It’s important for financial institutions to weigh their options and learn from the cloud implementation experiences of other firms.

Cloud Computing Success: Financial Institutions on the Cloud

Cloud Computing Success: Financial Institutions on the Cloud

A number of financial institutions have embraced the cloud and adopted a cloud-based approach for their specific needs. Here are examples of financial organizations that have successfully adopted the cloud:

  • Liberty Mutual Insurance: This insurance company leveraged cloud technologies to build a cloud-based platform for group benefits and individual life and annuity operations. The insurer employed a core software platform combined with AWS to deliver the cloud solution within only nine months.
  • Depository Trust and Clearing Corporation (DTCC): The DTCC started using the cloud in 2012, launching a real-time price dissemination application for its global trade repository in the cloud. Since then, the DTCC has moved some of its internal systems to the cloud and is planning to employ the cloud for core financial transaction processing.

The success of these firms shows that with the right approach, financial institutions can leverage the cloud to fulfill their needs and provide them with innovative opportunities for growth.

Best Practices in Cloud Computing for Financial Institutions

Best Practices in Cloud Computing for Financial Institutions

Cloud computing success depends on a financial firm’s knowledge and understanding of the cloud environments it uses while also ensuring data is secure. Here’s how financial institutions can adopt the cloud while keeping data safe:

  1. Explore your expanded cloud computing options.

    Determine what service model (SaaS, PaaS, 
    IaaS) and deployment model (private, community, public, hybrid) will best fit your organization. For instance, firms may want to start with a private cloud solution to break out of their legacy, on-premises systems. Then, they can eventually move to a hybrid cloud or a public cloud to scale up and support new architecture and technologies.

    When looking into cloud vendors, evaluate the soundness of their data protection strategies and security practices. Conduct an assessment to find out how they meet your requirements and identify any risks or issues. The FFIEC has valuable guidance on key elements of outsourced cloud computing.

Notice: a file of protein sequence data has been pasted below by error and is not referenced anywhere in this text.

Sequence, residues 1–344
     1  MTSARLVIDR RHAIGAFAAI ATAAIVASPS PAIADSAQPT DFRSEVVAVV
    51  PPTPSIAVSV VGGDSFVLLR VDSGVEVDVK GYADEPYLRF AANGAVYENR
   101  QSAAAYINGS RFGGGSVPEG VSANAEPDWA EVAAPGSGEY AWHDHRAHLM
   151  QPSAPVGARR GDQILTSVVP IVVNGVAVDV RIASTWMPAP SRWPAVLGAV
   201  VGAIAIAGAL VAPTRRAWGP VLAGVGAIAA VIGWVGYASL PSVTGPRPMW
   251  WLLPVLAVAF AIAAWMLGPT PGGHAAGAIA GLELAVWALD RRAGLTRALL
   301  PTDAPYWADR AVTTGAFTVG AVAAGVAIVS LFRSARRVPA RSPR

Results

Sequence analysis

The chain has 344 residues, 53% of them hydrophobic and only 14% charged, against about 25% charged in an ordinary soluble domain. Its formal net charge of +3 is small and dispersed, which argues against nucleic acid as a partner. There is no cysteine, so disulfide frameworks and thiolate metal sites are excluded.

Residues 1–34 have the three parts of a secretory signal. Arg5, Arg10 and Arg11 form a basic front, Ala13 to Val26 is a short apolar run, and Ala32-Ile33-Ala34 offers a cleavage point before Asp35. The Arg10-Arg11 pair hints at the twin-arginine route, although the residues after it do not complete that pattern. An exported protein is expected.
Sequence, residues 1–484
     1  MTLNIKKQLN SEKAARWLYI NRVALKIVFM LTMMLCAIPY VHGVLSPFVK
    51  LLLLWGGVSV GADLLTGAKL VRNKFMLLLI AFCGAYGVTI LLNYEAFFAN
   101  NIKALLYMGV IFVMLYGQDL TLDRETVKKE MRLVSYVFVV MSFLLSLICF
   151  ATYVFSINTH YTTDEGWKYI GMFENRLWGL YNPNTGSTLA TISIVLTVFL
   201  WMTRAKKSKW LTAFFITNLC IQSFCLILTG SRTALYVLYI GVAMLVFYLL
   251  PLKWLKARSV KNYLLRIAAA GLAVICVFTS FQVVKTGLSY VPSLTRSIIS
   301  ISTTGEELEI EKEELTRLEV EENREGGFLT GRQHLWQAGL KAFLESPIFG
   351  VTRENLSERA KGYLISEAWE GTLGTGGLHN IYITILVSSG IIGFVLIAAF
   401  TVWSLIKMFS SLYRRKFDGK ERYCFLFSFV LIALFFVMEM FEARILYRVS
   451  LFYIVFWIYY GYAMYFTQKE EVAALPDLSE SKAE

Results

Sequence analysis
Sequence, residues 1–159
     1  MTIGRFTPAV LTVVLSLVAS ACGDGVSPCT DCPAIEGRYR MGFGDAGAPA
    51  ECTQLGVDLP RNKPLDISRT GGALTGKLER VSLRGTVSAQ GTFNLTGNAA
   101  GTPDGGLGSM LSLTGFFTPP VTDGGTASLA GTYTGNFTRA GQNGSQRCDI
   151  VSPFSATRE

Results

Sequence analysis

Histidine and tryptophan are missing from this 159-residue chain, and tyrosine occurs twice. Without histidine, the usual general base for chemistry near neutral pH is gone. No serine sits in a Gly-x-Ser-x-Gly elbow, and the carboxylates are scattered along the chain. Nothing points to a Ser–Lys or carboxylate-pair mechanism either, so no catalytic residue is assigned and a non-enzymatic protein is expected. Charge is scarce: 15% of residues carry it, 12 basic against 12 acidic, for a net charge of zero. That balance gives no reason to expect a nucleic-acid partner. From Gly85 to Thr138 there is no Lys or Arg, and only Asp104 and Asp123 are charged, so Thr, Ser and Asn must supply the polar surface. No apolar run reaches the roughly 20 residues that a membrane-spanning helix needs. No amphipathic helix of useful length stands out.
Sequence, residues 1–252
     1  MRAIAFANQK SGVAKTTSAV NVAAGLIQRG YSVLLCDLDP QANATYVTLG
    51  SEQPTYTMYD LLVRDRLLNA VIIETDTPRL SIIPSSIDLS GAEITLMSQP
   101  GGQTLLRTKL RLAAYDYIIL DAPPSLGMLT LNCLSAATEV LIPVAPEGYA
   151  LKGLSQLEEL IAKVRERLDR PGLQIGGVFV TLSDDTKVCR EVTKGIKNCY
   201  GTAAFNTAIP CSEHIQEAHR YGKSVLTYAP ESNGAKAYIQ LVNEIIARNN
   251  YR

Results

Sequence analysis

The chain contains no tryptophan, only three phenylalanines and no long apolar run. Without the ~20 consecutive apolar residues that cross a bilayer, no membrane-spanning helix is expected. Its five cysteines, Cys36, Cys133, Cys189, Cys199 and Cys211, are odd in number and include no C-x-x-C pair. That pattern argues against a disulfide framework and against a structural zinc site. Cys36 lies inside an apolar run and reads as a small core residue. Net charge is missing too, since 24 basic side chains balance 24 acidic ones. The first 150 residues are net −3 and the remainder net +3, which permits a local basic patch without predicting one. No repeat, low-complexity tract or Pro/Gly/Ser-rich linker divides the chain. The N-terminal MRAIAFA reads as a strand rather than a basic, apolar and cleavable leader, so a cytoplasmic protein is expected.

2. Continue to prioritize data security and privacy.

    It’s necessary for all security measures applied within a financial institution’s network to also be implemented on cloud environments. This includes employing the principle of least privilege for data access and management on the cloud, encrypting data while it’s processed and stored on the cloud, performing penetration tests on the cloud environment, and intrusion detection and prevention management.

    Verify that these measures are in place on your cloud platforms and consider using cloud access security brokers to enforce security policies between your firm’s users and cloud applications. The Cloud Security Alliance also has helpful security guidance for critical areas of focus in cloud computingIt’s also important to validate that the data storage and retention controls and procedures of cloud vendors follow applicable regulations, such as those required by the GDPR in relation to accessing and deleting personal data. Financial institutions may also need to store critical data on premises instead of on the cloud to comply with location-specific regulations.

  3. Conduct periodic audits of your cloud security stance.

    Evaluate the effectiveness of your cloud provider’s security controls through periodic audits. Your organization may need to work with cloud providers to meet existing and new compliance requirements and continuously monitor compliance with these requirements.

    It’s also essential for firms to perform annual disaster recovery testing with cloud providers. Test failover and disaster recovery to identify any interdependencies, keep recovery strategies updated, and ensure business continuity.

With the right knowledge and proper implementation of best practices, financial institutions can leverage cloud technology while keeping data safe and secure.

Trust DataComm to keep your financial institution’s data safe by using our world-class data protection solutions. Our team of experts can help your organization uncover the best ways to secure your applications. Contact us today to find out how we can help.